Almighty God, Father of all mercies, we your unworthy servants give you humble thanks for all your goodness and loving-kindness to us and to all whom you have made. We bless you for our creation, preservation, and all the blessings of this life; but above all for your immeasurable love in the redemption of the world by our Lord Jesus Christ; for the means of grace, and for the hope of glory. And, we pray, give us such an awareness of your mercies, that with truly thankful hearts we may show forth your praise, not only with our lips, but in our lives, by giving up our selves to your service, and by walking before you in holiness and righteousness all our days; through Jesus Christ our Lord, to whom, with you and the Holy Spirit, be honor and glory throughout all ages. Amen.
A Calm Heart in Troubled Waters
“The Lord is our refuge and help in times of trouble (Psalm 9:9-20). With God, the impossible becomes possible (1 Samuel 17:1a, 4-11, 19-23, 32-49). What have we to fear, knowing God has power even over the wind and waves (Mark 4:35-41)? Let us open our hearts to the Lord, trusting him for all things (2 Corinthians 6:1-13).” -Thomas Oden, Ancient Christian Devotional
The Revised Common Lectionary is a three-year cycle of Holy Scripture readings that follow the Sundays, festivals, and seasons of the Christian liturgical year. It was compiled in 1992 by the ecumenical Consultation on Common Texts to provide a balanced scriptural guide for weekly worship that ensures exposure to the main themes of Christian faith and worship. It is ecumenical in nature and overlaps heavily with the Roman Catholic lectionary.
Four texts are assigned for each Sunday and festival:
The first reading usually comes from the Old Testament but is replaced by a reading from Acts during the season of Easter
A reading from an Epistle or other New Testament writing
A reading from a Gospel (Matthew, Mark, Luke, or John).
The three-year lectionary cycle (A, B, and C) focuses on different portions of the Gospels in each year:
God made us and we are His (Psalm 100), the sheep of His pasture who worship Him and take comfort in his guidance (Psalm 95). Our Good Shepherd will look after, and search for, His lost sheep (Ezekiel 34:11-16, 20-24). We pray for wisdom and enlightenment so that we may know Christ better (Ephesians 1: 15-23), longing for Christ to come and say, “You who are blessed, take your inheritance, the kingdom prepared for you since the creation of the world (Matthew 25:31-46).”
Today celebrates the cross as a symbol of Christ’s triumph over death. The history behind this day can be traced back to the time of Constantine. Holy Cross Day is celebrated on September 14th because it was on this day in 335 A.D. that the Church of the Holy Sepulchre was dedicated in Jerusalem.
Many Christian traditions use the sign of the cross as a physical act of prayer that brings to mind Christ’s sacrifice and the continuing call to discipleship. This practice has a rich history. Here is an extended quote from James Keifer explaining its historical and biblical significance:
“Tertullian, in his De Corona (3:2), written around AD 211, says that Christians seldom do anything significant without making the sign of the cross. Certainly, by his time the practice was well established. Justin Martyr, in chapters 55 and 60 of his First Apology (Defence of the Christian Faith, addressed to the Emperor Antoninus Pius and therefore written between 148 and 155 AD), refers to the cross as a standard Christian symbol, but not explicitly to tracing the sign of the cross as a devotional gesture… Continue reading Holy Cross Day 2017→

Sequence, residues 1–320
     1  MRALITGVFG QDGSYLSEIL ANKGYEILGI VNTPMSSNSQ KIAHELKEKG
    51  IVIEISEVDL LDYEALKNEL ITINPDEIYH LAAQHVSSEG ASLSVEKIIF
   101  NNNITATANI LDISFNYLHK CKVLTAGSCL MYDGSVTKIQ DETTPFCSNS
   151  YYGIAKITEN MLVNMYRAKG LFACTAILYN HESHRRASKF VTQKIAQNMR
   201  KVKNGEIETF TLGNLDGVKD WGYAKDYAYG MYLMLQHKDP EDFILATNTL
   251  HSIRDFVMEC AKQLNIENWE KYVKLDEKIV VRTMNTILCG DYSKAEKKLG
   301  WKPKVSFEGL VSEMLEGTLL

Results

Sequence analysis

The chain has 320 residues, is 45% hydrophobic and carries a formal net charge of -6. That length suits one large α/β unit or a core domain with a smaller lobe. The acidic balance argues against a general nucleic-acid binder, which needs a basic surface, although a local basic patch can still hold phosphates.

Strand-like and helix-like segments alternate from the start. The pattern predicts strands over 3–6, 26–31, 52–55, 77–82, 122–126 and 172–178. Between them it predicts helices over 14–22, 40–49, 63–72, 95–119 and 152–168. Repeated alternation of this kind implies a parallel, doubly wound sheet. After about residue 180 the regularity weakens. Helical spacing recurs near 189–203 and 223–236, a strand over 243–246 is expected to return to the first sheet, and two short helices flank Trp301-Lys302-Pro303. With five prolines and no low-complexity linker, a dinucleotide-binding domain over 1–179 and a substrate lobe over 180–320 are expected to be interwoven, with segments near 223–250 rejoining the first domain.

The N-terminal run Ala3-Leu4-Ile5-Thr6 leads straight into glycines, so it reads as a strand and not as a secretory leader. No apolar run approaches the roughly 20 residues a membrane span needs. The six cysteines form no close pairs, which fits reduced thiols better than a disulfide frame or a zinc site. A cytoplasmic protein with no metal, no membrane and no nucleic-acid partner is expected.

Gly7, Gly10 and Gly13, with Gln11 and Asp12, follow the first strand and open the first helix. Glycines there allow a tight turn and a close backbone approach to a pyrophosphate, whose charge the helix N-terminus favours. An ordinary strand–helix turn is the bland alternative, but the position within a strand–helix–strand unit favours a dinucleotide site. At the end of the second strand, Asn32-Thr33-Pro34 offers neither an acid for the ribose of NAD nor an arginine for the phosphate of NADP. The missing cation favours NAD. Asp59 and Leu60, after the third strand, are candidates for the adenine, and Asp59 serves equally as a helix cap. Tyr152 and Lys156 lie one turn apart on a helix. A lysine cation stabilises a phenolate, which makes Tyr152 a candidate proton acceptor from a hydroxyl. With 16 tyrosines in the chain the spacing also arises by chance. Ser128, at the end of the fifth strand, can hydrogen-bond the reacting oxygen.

Jacob deeply desired that God would bless him (Genesis 32:22-32). We can count on God to watch over those who love him with compassion and mercy (Psalm 17 and Psalm 145); Paul mourned that so many of the Jews did not acknowledge Christ (Romans 9:1-5). Jesus cares for our earthly needs and has power over all things, as evinced in the feeding of the five thousand (Matthew 14:13-21). -Thomas Oden in Ancient Christian Devotional
Pursuing the Kingdom of God with Patience and Trust
Jacob suffered wrong and sacrificed much to win Rachel’s hand in marriage (Genesis 29:15-28). Wisdom and fulfillment are often the fruit of patient waiting and righteous pursuits (Psalm 128 and 1 Kings 3:5-12). These things may seem out of grasp, but we can still trust God to fulfill his covenant and bring about his purposes in the end (Psalm 105:1-11 and Romans 8:26-39), even in spite of human oppression and unfulfilled desires (Psalm 119:129-136). Followers of Christ are called to seek God’s kingdom with all the faith they have, wisely pursuing what will last (Matthew 13:31-33, 44-52).
From the beginning, God has kept the covenant promises he made to His children and their offspring (Genesis 28:10-19a). He knows us better than we know ourselves (Psalm 139) and through His greatness has offered us mercy and hope (Psalm 86). The Holy Spirit bears witness that we are God’s children through Christ (Romans 8:12-25). All of the creation is waiting for Christ to come again and eradicate the things that destroy life (Matthew 13:24-30, 36-43). We wait patiently in the midst of suffering because, as the children of God, we have hope.
Out in the rain a world is growing green,
On half the trees quick buds are seen
Where glued-up buds have been.
Out in the rain God’s Acre stretches green,
Its harvest quick tho’ still unseen:
For there the Life hath been.
If Christ hath died His brethren well may die,
Sing in the gate of death, lay by
This life without a sigh:
For Christ hath died and good it is to die;
To sleep whenso He lays us by,
Then wake without a sigh.
Yea, Christ hath died, yea, Christ is risen again:
Wherefore both life and death grow plain
To us who wax and wane;
For Christ Who rose shall die no more again:
Amen: till He makes all things plain
Let us wax on and wane.
Resources for engaging the Revised Common Lectionary